Strange how people interpreted it as if I suggested that EURO failure would move the BTC price up - while I clearly stated that it would mean 'risk off', selling of risky assets like bitcoins.  But in the end it is possible that in a case of a full financial meltdown people will try out any crazy schema to get out of the trouble.

I doubt that that would be true.  In a crisis such as this, I suggest that people will be buying damn near anything just to unload their EURO's.  Additionally, there would almost certainly be capital controls and Bitcoin is probably second to none (litterally) in working around that sort of issue.

I personally expect that were the EURO to fail, the USD would be not far behind (though it could go through some very interesting and rapid-cycle gyrations.)  Since the whole thing seems like a distinct possibility to me, I have already taken steps to diversify and I choose BTC as a percentage of this diversification strategy and in part because I could imagine having control of some of them providing a certain amount of utility in a crisis situation.


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November 28, 2011, 09:51:36 AM
 #27

A falling apart of the euro zone doesnt mean euro's will become worthless. They will just be converted in to whatever new/old currencies those counties adopt. There might be a haircut involved, but its not like you will be using 100 euro bills as toilet paper. I also think its unlikely the euro will disappear completely, its more likely a few countries will drop out.

The biggest opportunity for bitcoin in this context is not that it would be a safe storage of wealth (clearly its not), but that it could gain usefulness to avoid currency exchange costs.

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November 28, 2011, 10:20:42 AM
 #28

Strange how people interpreted it as if I suggested that EURO failure would move the BTC price up - while I clearly stated that it would mean 'risk off', selling of risky assets like bitcoins.  But in the end it is possible that in a case of a full financial meltdown people will try out any crazy schema to get out of the trouble.
Ok, so what do you think people would sell their Bitcoins for? USD? Gold? I don't think either is a very wise choice if the meltdown already happens. Since BTC are mostly traded for USD anyway, are highly liquid and far more resilient to confiscation / currency control measures I sure as hell would hold on to them in case of such a crisis.

Answering your question - USD - from what I read on the Internet this is the usual direction in such cases because USD is still considered the safest and the most liquid currency.  Also there is a lot of debt denominated in USD - so there can be a kind of short squeeze on dollars - and that is why liquidity matters and why gold can suffer for some time.  All of this is what I recently learned from some internet pundits - I am still not very confident about this thinking and I am not convinced that it matters much for bitcoins.  Also a drowning man will clutch at a straw - if the crisis gets really bad people will try all kinds of fringe investments and if that happens on a global or even just on a continental scale - then this could send bitcoin prices to the moon.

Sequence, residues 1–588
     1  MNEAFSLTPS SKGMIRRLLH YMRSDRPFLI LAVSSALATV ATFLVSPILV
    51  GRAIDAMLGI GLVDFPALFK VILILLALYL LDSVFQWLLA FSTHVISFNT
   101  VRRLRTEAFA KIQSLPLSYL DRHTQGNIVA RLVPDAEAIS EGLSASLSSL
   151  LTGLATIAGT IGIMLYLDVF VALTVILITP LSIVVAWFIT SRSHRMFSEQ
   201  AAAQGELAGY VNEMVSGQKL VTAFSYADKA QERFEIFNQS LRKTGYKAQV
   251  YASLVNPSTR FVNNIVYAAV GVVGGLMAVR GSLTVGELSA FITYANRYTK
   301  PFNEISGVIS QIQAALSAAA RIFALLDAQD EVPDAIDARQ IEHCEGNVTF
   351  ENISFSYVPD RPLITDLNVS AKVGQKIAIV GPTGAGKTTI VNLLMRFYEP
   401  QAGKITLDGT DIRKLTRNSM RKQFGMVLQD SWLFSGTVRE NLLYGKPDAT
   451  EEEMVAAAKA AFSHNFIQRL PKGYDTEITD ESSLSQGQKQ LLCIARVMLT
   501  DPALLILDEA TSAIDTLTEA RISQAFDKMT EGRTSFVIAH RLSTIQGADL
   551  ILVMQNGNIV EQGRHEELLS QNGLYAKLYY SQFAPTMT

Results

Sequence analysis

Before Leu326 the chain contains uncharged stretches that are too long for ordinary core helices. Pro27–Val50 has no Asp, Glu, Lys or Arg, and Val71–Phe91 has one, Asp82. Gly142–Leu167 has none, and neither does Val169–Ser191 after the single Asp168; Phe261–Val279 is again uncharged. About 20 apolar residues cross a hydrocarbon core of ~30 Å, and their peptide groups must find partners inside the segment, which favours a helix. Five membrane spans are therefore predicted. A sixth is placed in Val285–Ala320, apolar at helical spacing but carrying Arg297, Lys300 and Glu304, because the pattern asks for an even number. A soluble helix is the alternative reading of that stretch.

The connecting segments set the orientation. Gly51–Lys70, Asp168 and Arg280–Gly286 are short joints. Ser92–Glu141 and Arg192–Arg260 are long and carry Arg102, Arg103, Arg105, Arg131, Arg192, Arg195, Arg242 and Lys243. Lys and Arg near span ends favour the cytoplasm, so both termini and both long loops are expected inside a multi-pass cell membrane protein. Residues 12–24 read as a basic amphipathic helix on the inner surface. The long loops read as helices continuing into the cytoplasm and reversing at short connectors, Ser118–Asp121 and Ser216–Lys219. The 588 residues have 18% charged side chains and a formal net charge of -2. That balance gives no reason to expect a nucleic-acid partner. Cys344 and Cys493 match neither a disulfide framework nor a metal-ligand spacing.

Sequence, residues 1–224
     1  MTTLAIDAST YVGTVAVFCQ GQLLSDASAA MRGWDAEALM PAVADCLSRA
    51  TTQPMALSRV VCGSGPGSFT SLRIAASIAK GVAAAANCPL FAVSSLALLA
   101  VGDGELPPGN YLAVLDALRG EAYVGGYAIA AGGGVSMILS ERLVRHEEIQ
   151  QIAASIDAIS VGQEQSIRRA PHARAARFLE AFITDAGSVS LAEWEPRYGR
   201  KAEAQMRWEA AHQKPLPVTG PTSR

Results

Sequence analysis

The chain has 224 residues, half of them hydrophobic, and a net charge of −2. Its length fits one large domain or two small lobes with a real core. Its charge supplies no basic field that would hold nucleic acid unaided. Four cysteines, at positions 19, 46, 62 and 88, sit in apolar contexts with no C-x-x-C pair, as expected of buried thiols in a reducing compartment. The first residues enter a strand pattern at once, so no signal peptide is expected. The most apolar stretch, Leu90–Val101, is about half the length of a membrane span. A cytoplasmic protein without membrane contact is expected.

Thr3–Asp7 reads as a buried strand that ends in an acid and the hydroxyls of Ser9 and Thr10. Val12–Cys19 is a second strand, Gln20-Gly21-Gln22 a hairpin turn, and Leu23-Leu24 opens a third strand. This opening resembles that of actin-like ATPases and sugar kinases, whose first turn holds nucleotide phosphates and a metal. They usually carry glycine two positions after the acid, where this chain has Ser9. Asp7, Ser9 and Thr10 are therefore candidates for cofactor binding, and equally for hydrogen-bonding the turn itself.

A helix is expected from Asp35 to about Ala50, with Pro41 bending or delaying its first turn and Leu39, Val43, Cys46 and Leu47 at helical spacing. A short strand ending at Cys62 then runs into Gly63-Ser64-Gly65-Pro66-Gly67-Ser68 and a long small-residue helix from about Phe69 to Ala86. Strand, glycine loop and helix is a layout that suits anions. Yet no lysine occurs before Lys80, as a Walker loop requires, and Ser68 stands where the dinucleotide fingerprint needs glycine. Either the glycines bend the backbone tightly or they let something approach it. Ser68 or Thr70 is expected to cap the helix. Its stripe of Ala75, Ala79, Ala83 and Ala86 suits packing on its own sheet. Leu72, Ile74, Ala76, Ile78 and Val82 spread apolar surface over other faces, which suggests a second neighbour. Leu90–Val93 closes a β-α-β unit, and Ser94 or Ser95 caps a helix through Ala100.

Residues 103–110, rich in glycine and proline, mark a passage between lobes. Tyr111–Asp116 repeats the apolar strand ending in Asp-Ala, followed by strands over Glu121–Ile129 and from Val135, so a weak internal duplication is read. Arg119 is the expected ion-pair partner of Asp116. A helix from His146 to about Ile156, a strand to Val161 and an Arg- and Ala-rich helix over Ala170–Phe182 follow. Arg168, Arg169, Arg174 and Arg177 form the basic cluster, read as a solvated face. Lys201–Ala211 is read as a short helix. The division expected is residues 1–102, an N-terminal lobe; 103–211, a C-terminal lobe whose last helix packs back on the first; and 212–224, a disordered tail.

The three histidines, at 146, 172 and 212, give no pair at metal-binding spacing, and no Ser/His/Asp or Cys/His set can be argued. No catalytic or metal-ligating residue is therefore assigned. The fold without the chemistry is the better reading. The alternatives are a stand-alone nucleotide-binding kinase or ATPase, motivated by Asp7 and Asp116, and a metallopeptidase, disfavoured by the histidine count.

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November 28, 2011, 04:40:50 PM
 #29

Humans are creatures of habit. With soveriegn debt crisis, what do people do? Buy more but different sovereign debt. It was amazing that with the US credit downgrade, US treasury yields appreciated. The logic may be that huge institutions with rating averages minimums were required to replace lower rated bonds and had no choice but to buy from the most liquid market - US Treasuries.

While EUR and USD are both looking bad, whichever one tumbles first, the other will climb. Mysteriously, people haven't yet lost faith in paper, they just shift from one paper to the other. I believe that bitcoin will behave much like CHF before Zurich pulled the plug. Representing only a tiny fraction of the European economy, what was only a trickle from EUR was a flood toward CHF. It would only take a few drops from the EUR ocean to make a tsunami in the BTC pond.

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November 28, 2011, 04:55:46 PM
 #30

Humans are creatures of habit. With soveriegn debt crisis, what do people do? Buy more but different sovereign debt. It was amazing that with the US credit downgrade, US treasury yields appreciated. The logic may be that huge institutions with rating averages minimums were required to replace lower rated bonds and had no choice but to buy from the most liquid market - US Treasuries.

While EUR and USD are both looking bad, whichever one tumbles first, the other will climb. Mysteriously, people haven't yet lost faith in paper, they just shift from one paper to the other. I believe that bitcoin will behave much like CHF before Zurich pulled the plug. Representing only a tiny fraction of the European economy, what was only a trickle from EUR was a flood toward CHF. It would only take a few drops from the EUR ocean to make a tsunami in the BTC pond.

Must. Resist. Temptation. To. Turn. Bullish...
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November 28, 2011, 04:57:11 PM
 #31

Must. Resist. Temptation. To. Turn. Bullish...
You're having trouble not buying shitloads of bitcoins? Try me! I actually live in Europe!

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November 28, 2011, 07:46:07 PM